Ah-Ha Moments: Light of a Lamp
- Eva Marie Everson Contributing Writer
- 2006 6 Apr
I love ah-ha moments. I expect them literally every time I read from the Word. You see, God is not like man when it comes to what He says. Or, I should say, not like me. He doesn’t waste His words. So every book, every chapter, every verse, every word of His Word has been spoken and then written for a purpose.
And God said, “Let there be light,” and there was light. God saw that the light was good, and he separated the light from the darkness. God called the light “day,” and the darkness he called “night.” And there was evening and there was morning—the first day.
Getting to the Root of it
The word “light,” found in Genesis 1:3 is, in Hebrew, “owr,” (transliterated and pronounced “ore”). Under the definitions (Strong’s #216)—and there are eleven—I find five that deserve a closer look:
1. Morning light
2. Light of a lamp
3. Light of life
4. Light of instruction
5. Jehovah as Israel’s Light
Light of a Lamp
In the last installment of Ah-ha Moments in the Bible, we took a look at Jesus as the Morning Light. Let’s now look at the second definition within the root word “owr” (Hebrew) or, in English, “light.”
In the days of Jesus, lamps were used for bringing light into the tabernacle and private homes. Among other things, they were used to provide light during war (on chariots), by persons going out at night, and during marriage processions.
Matthew’s first record of Jesus teaching as an adult is found in Matthew 5, commonly known as The Sermon on the Mount. Within His words, Jesus said, “You are the light of the world. A city on a hill cannot be hidden. Neither do people light a lamp and put it under a bowl. Instead they put it on its stand, and it gives light to everyone in the house. In the same way, let your light shine before men, that they may see your good deeds and praise your Father in heaven.” (Matthew 5:14-16, emphasis mine)
In this passage, Jesus is clearly teaching that we, as believers, have a light within us that is not to be kept hidden under a bowl but is to be raised up so that everyone can see the light and so that our Father might be praised.
During the Hanukkah and Christmas season, my family lights many candles; the candles of the Menorah and the candles along the fireplace mantle, illuminating the detailed crèche my husband bought me as a Christmas gift several years ago. Our granddaughter enjoys the beauty of the candles, but really enjoys the “science” of using the candle snuffer before we go to bed. Without oxygen, she quickly learns, the flame goes out.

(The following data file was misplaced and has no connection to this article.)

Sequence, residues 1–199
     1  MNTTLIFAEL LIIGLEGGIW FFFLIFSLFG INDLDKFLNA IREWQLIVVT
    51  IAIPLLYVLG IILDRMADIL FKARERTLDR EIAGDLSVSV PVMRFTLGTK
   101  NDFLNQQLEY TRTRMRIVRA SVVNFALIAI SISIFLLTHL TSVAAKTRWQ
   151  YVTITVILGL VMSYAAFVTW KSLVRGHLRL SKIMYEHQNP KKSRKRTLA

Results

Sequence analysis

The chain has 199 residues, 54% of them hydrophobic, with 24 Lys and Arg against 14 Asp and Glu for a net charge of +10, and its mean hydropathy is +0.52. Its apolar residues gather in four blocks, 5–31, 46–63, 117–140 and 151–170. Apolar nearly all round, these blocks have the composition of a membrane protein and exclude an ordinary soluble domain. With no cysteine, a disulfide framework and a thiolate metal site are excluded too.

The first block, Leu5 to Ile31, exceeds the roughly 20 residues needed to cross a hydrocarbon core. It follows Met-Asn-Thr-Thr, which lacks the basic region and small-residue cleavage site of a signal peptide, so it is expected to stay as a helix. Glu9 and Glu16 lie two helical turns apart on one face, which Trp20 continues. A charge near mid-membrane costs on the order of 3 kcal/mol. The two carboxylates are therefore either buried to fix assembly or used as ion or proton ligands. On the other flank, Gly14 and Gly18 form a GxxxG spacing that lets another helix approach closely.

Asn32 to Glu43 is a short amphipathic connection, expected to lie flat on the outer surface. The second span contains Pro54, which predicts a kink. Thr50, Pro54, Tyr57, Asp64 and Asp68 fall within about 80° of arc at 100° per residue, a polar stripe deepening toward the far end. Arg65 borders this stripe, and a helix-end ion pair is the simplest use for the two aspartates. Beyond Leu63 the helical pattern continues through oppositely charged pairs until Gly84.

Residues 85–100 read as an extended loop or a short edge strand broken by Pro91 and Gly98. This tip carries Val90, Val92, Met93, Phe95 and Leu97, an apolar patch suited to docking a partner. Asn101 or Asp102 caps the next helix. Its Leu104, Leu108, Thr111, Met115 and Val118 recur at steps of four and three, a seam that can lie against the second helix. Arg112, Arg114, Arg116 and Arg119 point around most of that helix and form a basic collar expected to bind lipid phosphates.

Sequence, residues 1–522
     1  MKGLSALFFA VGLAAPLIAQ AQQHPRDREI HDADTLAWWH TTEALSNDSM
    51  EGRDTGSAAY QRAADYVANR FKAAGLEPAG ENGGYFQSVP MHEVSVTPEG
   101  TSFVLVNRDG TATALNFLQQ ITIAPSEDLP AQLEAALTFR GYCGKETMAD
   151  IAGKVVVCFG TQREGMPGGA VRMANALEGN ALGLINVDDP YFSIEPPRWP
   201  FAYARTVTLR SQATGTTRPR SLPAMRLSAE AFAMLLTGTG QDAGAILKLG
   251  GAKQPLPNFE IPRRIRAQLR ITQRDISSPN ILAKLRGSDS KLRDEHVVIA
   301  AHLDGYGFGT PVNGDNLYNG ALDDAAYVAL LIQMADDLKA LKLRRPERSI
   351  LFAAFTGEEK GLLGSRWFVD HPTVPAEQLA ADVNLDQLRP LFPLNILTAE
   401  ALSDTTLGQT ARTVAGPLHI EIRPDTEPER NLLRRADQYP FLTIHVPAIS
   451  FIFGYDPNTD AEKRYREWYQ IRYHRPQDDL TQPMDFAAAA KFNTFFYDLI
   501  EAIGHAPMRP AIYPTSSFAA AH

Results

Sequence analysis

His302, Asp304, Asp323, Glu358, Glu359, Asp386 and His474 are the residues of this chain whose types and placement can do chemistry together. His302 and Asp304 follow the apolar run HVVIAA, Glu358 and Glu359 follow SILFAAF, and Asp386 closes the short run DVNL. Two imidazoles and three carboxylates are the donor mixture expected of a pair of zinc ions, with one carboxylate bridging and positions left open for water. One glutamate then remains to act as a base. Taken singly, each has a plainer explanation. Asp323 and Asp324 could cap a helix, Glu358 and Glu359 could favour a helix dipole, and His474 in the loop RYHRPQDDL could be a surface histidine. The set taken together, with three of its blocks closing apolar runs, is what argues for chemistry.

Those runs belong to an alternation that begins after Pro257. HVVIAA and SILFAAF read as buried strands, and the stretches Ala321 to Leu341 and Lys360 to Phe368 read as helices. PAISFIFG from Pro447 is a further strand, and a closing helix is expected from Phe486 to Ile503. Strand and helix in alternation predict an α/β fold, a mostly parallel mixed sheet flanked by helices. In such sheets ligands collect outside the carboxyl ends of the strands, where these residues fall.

I think of this whenever I read the words of Jesus here in Matthew 5. A light under a bowl will quickly go out. This is clearly not their purpose. Like the candles in my menorah and atop my mantle, without a flame, they are useless. Lamps were made to be filled with oil, lit, and then raised up in order to provide light for all those around.
The Lamp, the Oil, and the Light
It is quite obvious in Jesus’ message that we are the lamp. Just as we can symbolically be seen as the lamp, often in Scripture, the Spirit of God is represented metaphorically by oil.
Psalm 45:7 reads: You love righteousness and hate wickedness; therefore God, your God, has set you above your companions by anointing you with the oil of joy.
But Zechariah 4 gives us an even more stirring picture:
Then the angel who talked with me returned and wakened me, as a man is wakened from his sleep. He asked me, "What do you see?" I answered, "I see a solid gold lampstand with a bowl at the top and seven lights on it, with seven channels to the lights. Also there are two olive trees by it, one on the right of the bowl and the other on its left."
Again I asked him, "What are these two olive branches beside the two gold pipes that pour out golden oil?"
He replied, "Do you not know what these are?"
"No, my lord," I said.
So he said, "These are the two who are anointed to serve the Lord of all the earth." (excerpted from Zechariah 4, emphasis mine)
Now the word Light, used in the Matthew 5 reference by Jesus, is—in Greek—Kaio , which means: to set on fire, to consume with fire.
After His death and resurrection and before His ascension into Heaven, Jesus was in Jerusalem eating with the disciples. He told them not to leave the city, but to wait for “the gift” from His Father, the one He’d previously told them about.
Then He said, “John baptized with water, but in a few days you will be baptized with the Holy Spirit…you will receive power when the Holy Spirit comes on you; and you will be my witnesses in Jerusalem, and in all Judea and Samaria, and to the ends of the earth.” (Acts 1:5, 8, emphasis mine)
The “gift” of the Holy Spirit came on Pentecost like tongues of fire (flame) and rested on each of them in the upper room. They were then filled and empowered by the Holy Spirit, enabling the men who’d just weeks earlier hidden during the arrest, trial and crucifixion of Jesus, to become bold witnesses for Him and to lead others into the Kingdom of God.
The Ah-ha Moment
Oh, Lord God -- to be consumed by your Holy Spirit! To be set on fire and to shine a light—the Light—that draws men to You!
Just as importantly, to have that fire continually lit, fueled by your Presence, that it never go out, that we raise it high enough for all to see…to see the Christ…and to cause men to praise You forever. May we always abide in You so that the glow of Your love and truth never dies out in our lives. Amen!